With its imperial past, nationalist tradition, past westernization attempts, inverse ori-entalism toward populations from the East, and current neo-Ottomanist policies, Turkey presents an interesting case in which to examine the ideologies underlying its education system. Turkish schools began receiving a large number of Syrian refugees following the outbreak of the Syrian War in 2011. How does Turkey seek to absorb these former subjects of the Ottoman empire politically, discursively, and socioculturally into its national body po-litic, and more specifically into the education system, in light of shifting relations with Arabs and changing representation of the Arabic language and culture? Based on literature review and interviews with Syrians, state officials, and NGO representatives in Istanbul between 2017 and 2020, this study demonstrates that while there is strong emphasis on shared religious and cultural ties, Syrians are still expected to assimilate, similar to other historically minoritized populations in Turkey, albeit with some peculiarities. These peculiarities stem from increased prominence of the Arabic language through the Islamization project of the present government, international funding for the accommodation of refugees, and the economic relations the government seeks with Arab countries. © 2023 Comparative and International Education Society. All rights reserved.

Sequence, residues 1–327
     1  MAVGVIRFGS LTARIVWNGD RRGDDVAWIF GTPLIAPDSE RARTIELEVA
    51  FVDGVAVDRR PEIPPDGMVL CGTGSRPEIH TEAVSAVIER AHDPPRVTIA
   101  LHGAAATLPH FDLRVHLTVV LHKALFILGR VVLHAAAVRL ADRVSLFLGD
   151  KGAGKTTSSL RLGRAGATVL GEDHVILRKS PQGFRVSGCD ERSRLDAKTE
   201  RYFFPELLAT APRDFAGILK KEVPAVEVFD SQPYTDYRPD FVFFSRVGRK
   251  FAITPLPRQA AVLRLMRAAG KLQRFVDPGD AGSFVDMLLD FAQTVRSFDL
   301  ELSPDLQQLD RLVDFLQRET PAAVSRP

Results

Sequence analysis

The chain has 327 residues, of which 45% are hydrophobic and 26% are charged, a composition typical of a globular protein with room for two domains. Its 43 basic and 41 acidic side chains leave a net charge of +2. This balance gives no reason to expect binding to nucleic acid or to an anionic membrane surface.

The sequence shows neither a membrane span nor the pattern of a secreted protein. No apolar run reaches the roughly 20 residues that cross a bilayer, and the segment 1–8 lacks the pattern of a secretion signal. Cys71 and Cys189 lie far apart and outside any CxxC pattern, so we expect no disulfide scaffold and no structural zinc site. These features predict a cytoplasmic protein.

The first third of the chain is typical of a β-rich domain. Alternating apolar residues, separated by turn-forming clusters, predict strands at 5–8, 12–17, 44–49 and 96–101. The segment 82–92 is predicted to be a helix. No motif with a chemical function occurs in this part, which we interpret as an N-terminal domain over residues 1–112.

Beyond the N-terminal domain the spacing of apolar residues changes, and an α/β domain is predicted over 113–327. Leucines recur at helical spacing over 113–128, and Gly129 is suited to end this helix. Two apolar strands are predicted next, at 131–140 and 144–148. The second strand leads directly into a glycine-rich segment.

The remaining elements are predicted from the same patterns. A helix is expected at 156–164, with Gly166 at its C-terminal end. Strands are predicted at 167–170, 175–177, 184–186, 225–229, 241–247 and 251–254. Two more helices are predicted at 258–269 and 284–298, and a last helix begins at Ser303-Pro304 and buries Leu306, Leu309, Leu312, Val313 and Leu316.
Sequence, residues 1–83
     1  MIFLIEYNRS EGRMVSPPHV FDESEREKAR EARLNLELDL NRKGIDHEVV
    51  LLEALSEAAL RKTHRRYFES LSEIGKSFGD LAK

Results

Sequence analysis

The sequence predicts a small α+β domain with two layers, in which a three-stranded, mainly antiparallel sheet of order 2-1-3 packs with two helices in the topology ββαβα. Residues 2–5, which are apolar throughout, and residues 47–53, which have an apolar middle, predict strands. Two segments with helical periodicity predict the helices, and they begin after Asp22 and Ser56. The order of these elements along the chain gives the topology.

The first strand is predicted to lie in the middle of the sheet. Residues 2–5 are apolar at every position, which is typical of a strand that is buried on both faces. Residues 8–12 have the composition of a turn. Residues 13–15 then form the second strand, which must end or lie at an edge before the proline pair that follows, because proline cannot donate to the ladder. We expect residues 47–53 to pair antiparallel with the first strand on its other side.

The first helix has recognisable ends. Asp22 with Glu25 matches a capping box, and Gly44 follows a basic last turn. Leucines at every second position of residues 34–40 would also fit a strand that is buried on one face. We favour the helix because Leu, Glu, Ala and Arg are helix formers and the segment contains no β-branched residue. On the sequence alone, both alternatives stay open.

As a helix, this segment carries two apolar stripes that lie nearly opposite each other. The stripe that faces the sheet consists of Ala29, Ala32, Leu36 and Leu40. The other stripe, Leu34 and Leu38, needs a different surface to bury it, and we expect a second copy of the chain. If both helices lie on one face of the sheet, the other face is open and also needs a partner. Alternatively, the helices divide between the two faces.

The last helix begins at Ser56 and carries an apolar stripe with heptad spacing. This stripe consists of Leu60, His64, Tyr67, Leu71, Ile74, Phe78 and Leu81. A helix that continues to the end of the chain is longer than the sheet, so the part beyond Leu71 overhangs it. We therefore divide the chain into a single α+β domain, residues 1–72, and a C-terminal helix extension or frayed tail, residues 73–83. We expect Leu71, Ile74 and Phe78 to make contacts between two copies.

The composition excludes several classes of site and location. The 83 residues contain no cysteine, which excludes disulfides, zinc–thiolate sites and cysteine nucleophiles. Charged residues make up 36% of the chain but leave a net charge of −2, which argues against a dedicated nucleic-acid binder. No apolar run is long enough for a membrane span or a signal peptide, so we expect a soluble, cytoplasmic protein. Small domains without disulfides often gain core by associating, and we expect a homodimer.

DOI: 10.1086/725440
ISSN: 00104086